Differences between APK sizes [Uncompressed & Minified]

Hi everyone,

I’m having trouble understanding how come I have so few differences in build size when using a minified and uncompressed version of my www folder. Here’s a table depicting what I’m talking about

As you can see, there’s a huge difference in size between my uncompressed and minified www folder (18.4Mo) which reduces to only 5Mo when built (and 13 times the minified folder size).

I’d also like to know why there is such a gap between the apk file and the installed app (almost twice the size).

For the record : I’m using the last version of ionic, with the last CLI version (1.3.0-beta1), combined with crosswalk installed with the CLI.

Thanks for your time!


APK files are compressed. Try comparing a zipped version of your unminified and minified www folders, and you’ll probably not see as major a difference. Your final APK is probably about 3MB of www and 35MB of everything else (mostly crosswalk).

I think the installed app is uncompressed, so that’s why the size on device is larger than the APK size.

Thank you for your answer. I do know that APK files are compressed, and uncompressed when installed, but we’re not talking a 20% reduction but literally twice the size of the apk file, never saw that before.

Also, I know crosswalk takes a lot of place, but again by that logic, with a 3Mo original www folder we have a 67Mo app : Does that mean that crosswalk takes up to 60Mo? (30x the original size)

For obvious reasons, I need my app to be under the 50Mo bar, do you have any idea on how to achieve that?

Thanks again

Yes, crosswalk will increase the app size by about 60MB.

How big is the Crosswalk runtime, and how will it affect my application’s size?

To give a rough idea, the HTML/JS/CSS for one of the project’s sample applications takes up 24Kb of disk space.

Once this application is packaged with its own Crosswalk 10 (x86 Android) runtime, the apk file size is ~20Mb. Installed, the application takes ~58Mb of disk space.

Okay, well I guess it’s the cost to pay!

Thanks @mikemintz

So there seems to be some misconnect about why crosswalk has a large footprint.
From the looks of you numbers, you are probably bundling both x86 and arm7 binaries of crosswalk in your builds.

So to get around this, there’s a flag you can pass in to separate the builds out.

$ BUILD_MULTIPLE_APKS=true ionic run android

This should separate the builds and give you a much small file size

Oh thanks a lot! I successfuly lost 15Mo because of this!

You’re the best @mhartington

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I have ionic 1.3.3 and i have installed the stable version of crosswalk
I tried the command:

BUILD_MULTIPLE_APKS=true ionic run android

But it doesn’t work. In the updated post of ionic its written that it should create two apks automatically.

Yes, in the 1.3.3 update, we changed it so that it would do multiple builds by default.

Update: Previously you needed an environment variable to build multiple architectures. Do to some changes on the underlying Cordova Android library, you no longer need to specify the environment variable to build multiple APKs. This should happen by default by running ionic build android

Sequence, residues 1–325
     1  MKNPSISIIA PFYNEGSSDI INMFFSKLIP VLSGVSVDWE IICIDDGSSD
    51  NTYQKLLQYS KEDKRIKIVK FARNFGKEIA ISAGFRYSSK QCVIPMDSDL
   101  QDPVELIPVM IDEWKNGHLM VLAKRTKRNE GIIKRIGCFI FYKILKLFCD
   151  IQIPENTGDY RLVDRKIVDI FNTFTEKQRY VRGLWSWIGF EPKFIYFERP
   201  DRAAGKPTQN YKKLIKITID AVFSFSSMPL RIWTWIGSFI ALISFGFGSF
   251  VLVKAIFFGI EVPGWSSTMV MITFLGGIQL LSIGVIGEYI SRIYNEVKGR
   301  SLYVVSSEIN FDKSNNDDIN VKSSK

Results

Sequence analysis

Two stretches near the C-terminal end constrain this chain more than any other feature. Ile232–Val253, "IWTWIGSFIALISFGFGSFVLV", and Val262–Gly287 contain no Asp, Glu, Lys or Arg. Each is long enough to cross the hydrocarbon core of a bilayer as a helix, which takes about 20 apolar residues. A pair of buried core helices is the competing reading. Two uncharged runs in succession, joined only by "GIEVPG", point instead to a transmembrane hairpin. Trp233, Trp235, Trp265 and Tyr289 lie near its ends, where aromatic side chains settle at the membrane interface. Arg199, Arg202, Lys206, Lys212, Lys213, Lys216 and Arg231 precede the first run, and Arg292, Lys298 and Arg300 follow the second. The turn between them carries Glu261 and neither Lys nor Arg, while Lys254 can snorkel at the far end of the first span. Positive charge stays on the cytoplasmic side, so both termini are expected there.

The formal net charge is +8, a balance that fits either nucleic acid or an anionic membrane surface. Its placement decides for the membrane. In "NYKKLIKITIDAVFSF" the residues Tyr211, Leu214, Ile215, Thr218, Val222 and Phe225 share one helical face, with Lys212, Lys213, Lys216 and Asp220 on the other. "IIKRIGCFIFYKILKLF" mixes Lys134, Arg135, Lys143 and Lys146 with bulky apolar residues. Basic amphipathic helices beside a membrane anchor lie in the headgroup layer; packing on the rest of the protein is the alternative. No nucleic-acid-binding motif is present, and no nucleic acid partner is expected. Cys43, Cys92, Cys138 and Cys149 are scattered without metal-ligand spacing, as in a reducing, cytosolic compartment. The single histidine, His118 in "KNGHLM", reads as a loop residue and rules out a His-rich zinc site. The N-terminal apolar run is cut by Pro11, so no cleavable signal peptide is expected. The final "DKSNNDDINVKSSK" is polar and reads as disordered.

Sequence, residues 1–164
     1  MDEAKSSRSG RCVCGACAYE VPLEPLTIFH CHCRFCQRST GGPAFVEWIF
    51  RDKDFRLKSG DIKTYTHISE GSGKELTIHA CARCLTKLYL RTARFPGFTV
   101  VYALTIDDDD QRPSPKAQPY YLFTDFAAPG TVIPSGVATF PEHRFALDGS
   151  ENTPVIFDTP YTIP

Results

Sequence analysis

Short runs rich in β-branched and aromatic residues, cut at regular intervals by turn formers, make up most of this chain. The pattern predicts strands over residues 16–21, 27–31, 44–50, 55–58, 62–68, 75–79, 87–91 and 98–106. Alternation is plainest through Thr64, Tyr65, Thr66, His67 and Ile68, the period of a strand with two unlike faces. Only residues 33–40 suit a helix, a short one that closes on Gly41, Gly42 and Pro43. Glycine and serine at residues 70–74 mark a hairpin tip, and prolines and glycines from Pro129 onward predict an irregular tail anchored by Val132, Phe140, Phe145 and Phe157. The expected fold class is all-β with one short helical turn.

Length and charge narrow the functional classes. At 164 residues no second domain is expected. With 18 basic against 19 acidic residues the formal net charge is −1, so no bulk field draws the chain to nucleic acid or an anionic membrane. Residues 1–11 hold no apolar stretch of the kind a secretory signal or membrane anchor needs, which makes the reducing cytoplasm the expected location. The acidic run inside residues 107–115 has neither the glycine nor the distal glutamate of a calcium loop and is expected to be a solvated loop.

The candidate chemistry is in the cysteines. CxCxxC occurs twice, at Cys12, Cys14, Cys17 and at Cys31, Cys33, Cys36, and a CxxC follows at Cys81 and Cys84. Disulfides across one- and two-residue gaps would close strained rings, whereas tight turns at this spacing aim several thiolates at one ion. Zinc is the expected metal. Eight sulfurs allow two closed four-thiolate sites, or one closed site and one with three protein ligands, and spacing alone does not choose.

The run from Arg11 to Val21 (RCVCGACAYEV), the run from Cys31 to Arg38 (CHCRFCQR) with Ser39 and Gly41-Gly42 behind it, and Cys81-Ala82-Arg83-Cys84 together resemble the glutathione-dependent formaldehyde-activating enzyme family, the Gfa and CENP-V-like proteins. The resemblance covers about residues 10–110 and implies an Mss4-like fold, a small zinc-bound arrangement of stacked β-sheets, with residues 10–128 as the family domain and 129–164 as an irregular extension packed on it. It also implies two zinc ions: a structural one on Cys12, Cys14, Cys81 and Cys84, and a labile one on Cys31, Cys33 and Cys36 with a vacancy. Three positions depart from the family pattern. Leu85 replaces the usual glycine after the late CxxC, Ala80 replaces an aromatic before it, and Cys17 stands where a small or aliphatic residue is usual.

Yes, I have read that.
The problem is that i get always one apk of 70 MB when i run:

ionic run android or cordova run android

Should i run another command? should i look for the apks in different paths?


Interesting, let me check with @jbavari1 about this.

To address this, I must admit I was wrong.

Two have two separate architecture builds, it requires a gradle.properties file in your platforms/android directory.

In this file, place the following:


We’re updating that blog post right now to have this fix. Sorry for leading you temporarily astray!


I added that file in my android directory and it worked! :smile:
The building created 2 apks of 21 and 24 MB.
I have noticed that cdvBuildMultipleApks=true is in another file: > xwalk.gradle in ionic_xwalk_project.

Then i have installed the apk in my device and it took 56 MB of memory. Its less than 70 MB of last time but still maybe too much considering that is the initial app.


i have an app with size 2.3 MB and when i add crosswalk to it the size become 22.8 MB.
anyway that i can use to reduce this size!?

Is it really worth a 60MB increase for Crosswalk? To put this in context, I’m building an app to ship globally. We notice a performance boost with Crosswalk, but for someone using a poor connection in India, or Africa, or China – a 20MB increase can be painful.

Should we be looking towards optimizing our app further, perhaps removing some of the heavier components (like horizontal scroll libraries in exchange for a different look-and-feel), or am I overtly concerned?

More of a theoretical, but considering how much extra Crosswalk pads your app size and the current state of Android WebView, is Crosswalk worth it?

Hey @ehorodyski,

As shown in the graph above, optimizing your app won’t do a lot here as the 20Mo uncompressed are inevitable.
You can only compress your app so much (mine was 2.9Mo minified, but still 38.4Mo on build).

As to answer your theoretical question: Crosswalk becomes useless past Android 4.4. If I remember correctly, you can create two exports, one with crosswalk for < 4.4 Android users, and another crosswalk-free for those > 4.4.

I feel like pre-4.4 Android really need crosswalk, performances being really poor below this point :slight_smile:

Thanks @WidawskiJ!

I realize how poorly I phrased what I was looking to get answered, but you nailed it on the head.

Thank you for the clarification! With consideration to how quickly our world revolves these days, it’s always nice to take an audit of the tools out there. This thread is from a year ago – a lot changes in a year!